Then there is my cat. He came back with us from China, approaching fifteen years old. The family joke is that I left behind one daughter but brought back the cat. As things have turned out it is that daughter who makes it possible to leave the cat behind. I know he will be well cared for. The issue is that he is getting older. Aside from his quirkiness he has two chronic health issues. Yes, I worry about him as much as I do my daughter who is in….hm, Taiwan. (When I first started writing this she was still in Australia). For anyone wanting to travel but has a pet, consider who will care for him/her: ongoing healthcare, routines, food, and what to do in an emergency. Unless you have pet insurance, with a list of what is covered and not covered, even one urinary tract infection can break the bank for many. As a pet ages so to do the problems. Be prepared to allow final decisions to be made by the person you have entrusted your pet to.

My backpacker daughter had left left two cats and one dog in the care of a friend who moved into the apartment so as to maintain as much familiarity as possible. What had not been dealt was medical issues. It was only through luck that I happened to have temporarily gone home from my travels when a frantic message came saying the elderly cat was very ill. One look at her, the cat that is, told me it was unlikely she would live beyond that day. However, consultation on messenger of all things, (daughter in Thailand) meant taking her to the animal hospital to at least make her comfortable. I pulled no punches, the veterinarian was s little kinder providing options.

I had to make the decision to not prolong her possible suffering. Of course we were all upset. The thing is to ensure there is someone who can make such decisions, preferably after letting you know, but if not possible it is like an executive decision – only made as the best option. I had already ensured that when I am away my daughter at home has final say on the best course of action for my kitty if one must be made. He is, after all, approaching elder cat stage and prolonging life just for me to say goodbye would be cruel.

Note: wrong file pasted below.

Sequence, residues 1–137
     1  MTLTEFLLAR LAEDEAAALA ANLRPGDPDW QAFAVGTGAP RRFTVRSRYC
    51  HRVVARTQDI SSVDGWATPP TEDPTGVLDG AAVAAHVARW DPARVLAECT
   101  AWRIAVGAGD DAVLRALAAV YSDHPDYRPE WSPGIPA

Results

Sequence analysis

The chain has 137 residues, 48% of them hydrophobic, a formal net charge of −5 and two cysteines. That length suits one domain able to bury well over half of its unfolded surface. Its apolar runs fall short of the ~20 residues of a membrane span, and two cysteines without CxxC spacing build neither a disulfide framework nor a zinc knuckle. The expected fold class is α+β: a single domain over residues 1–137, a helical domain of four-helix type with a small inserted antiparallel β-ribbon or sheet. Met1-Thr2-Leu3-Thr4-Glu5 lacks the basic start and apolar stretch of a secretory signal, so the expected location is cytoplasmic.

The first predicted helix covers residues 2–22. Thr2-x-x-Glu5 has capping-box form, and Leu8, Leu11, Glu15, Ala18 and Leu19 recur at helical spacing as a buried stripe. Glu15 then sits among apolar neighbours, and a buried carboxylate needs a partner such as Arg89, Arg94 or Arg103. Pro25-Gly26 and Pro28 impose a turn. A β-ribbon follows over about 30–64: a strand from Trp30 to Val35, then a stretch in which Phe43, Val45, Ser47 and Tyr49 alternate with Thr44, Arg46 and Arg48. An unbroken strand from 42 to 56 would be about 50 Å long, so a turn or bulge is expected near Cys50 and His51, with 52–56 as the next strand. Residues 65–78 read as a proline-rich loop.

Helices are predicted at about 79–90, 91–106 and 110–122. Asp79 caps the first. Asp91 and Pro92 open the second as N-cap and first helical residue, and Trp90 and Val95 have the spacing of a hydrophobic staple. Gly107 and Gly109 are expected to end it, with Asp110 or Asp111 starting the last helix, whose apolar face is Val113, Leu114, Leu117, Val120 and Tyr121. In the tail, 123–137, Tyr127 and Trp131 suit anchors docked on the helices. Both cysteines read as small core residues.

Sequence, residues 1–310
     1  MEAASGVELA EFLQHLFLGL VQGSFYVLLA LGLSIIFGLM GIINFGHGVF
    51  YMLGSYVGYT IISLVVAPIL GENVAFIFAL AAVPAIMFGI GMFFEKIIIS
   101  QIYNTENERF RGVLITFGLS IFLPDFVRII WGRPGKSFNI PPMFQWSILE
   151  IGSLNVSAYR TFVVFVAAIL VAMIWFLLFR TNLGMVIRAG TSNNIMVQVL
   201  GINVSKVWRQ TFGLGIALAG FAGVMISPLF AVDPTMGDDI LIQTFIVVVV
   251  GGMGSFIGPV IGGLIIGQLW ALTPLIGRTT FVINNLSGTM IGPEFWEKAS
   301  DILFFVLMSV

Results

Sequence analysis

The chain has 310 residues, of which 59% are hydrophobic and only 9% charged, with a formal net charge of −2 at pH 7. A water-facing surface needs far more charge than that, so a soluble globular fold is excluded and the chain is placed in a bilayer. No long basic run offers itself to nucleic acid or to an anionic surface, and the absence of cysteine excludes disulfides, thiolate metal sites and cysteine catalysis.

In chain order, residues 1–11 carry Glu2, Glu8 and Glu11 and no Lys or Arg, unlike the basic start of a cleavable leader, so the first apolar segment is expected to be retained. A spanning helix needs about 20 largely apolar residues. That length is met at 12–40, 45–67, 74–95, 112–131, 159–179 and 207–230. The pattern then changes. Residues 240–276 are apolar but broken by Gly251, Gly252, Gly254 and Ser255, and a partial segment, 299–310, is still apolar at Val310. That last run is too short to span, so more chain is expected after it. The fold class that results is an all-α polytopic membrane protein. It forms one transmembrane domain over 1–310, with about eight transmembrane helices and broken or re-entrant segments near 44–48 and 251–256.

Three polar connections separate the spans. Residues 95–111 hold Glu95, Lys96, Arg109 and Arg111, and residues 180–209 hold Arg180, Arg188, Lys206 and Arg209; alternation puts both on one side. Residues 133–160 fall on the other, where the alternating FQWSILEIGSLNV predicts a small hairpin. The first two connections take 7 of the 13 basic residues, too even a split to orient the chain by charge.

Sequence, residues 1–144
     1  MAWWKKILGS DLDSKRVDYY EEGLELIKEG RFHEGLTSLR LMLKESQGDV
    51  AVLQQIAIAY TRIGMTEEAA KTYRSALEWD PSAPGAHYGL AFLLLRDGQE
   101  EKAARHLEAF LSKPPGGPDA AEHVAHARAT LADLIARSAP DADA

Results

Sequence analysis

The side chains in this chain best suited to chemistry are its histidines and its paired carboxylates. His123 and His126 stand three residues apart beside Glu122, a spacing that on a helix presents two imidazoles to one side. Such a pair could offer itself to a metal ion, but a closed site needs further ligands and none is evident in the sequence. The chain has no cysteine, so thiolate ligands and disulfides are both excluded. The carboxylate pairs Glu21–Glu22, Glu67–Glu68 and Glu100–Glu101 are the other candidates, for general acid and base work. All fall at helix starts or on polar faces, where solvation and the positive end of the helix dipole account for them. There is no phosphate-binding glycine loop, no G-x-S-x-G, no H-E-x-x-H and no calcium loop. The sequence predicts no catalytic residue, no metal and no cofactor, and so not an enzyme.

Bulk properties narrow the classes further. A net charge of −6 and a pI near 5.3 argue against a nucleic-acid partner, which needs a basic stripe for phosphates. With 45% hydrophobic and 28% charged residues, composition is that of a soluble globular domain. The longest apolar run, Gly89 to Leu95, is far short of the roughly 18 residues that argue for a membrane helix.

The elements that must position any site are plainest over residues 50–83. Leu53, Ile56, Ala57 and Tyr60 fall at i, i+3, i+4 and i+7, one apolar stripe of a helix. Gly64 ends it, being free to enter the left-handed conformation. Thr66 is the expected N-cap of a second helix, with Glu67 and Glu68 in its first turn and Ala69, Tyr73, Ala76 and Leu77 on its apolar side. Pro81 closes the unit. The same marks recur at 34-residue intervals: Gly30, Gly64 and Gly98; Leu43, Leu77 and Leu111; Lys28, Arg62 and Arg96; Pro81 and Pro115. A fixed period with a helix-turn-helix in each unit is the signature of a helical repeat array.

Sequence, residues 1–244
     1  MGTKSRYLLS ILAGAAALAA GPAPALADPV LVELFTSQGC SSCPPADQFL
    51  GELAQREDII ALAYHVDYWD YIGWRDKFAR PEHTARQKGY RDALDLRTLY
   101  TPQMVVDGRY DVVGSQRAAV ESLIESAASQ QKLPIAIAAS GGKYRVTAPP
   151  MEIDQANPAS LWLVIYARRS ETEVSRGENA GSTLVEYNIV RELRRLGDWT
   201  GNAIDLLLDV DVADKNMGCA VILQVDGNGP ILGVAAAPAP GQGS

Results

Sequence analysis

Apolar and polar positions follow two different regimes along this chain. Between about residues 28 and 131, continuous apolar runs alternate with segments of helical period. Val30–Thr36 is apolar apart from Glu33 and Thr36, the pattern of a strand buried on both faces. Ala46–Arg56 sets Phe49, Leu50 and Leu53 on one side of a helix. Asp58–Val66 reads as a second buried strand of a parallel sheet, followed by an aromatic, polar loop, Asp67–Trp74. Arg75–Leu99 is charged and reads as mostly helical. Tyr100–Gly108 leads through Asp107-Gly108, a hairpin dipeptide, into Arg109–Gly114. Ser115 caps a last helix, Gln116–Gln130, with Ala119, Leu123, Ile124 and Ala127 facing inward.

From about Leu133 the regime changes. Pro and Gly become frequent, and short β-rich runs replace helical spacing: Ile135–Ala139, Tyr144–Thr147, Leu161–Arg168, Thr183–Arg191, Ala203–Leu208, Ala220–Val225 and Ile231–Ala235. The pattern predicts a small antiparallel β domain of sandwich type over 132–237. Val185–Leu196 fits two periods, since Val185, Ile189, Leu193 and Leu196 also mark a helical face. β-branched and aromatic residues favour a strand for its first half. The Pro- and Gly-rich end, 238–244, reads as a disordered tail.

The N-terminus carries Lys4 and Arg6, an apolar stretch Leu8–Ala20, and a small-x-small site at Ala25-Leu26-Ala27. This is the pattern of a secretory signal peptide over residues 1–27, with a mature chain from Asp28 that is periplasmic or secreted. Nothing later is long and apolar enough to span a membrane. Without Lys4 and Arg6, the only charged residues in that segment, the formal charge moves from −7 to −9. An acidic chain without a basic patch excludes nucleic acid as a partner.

The final consideration when travelling is money. Which includes the care of a well loved pet. In addition, what about a home base, personal belongings, a job? What can, or should, be given up? Basically, the comfort zone lies in just how willing anyone travelling can let go of. Or make changes to meet dreams and plans. My view is that if anyone plans to go for it and travel for upwards of a year or more, and do not own property, drop the apartment, store everything, and pack your bag lightly. If you own your own place you should be able to figure out how to make that work for you!


Is your job just paycheque to paycheque, do you absolutely love it or can you walk away without any qualms? Perhaps you are near retirement or have managed to set aside a sum towards travel. It is amazing how a little can stretch far with ingenuity. I assume travel is the goal if you are reading this. I promote exploration, in your own country or abroad. My one caveat is to have an emergency fund and/or travel insurance and someone ‘at home’ to contact ‘just in case’. Do not fear adventure, rather grasp it, wrestle with it, love it – then leave it for new ones. Happy travelling!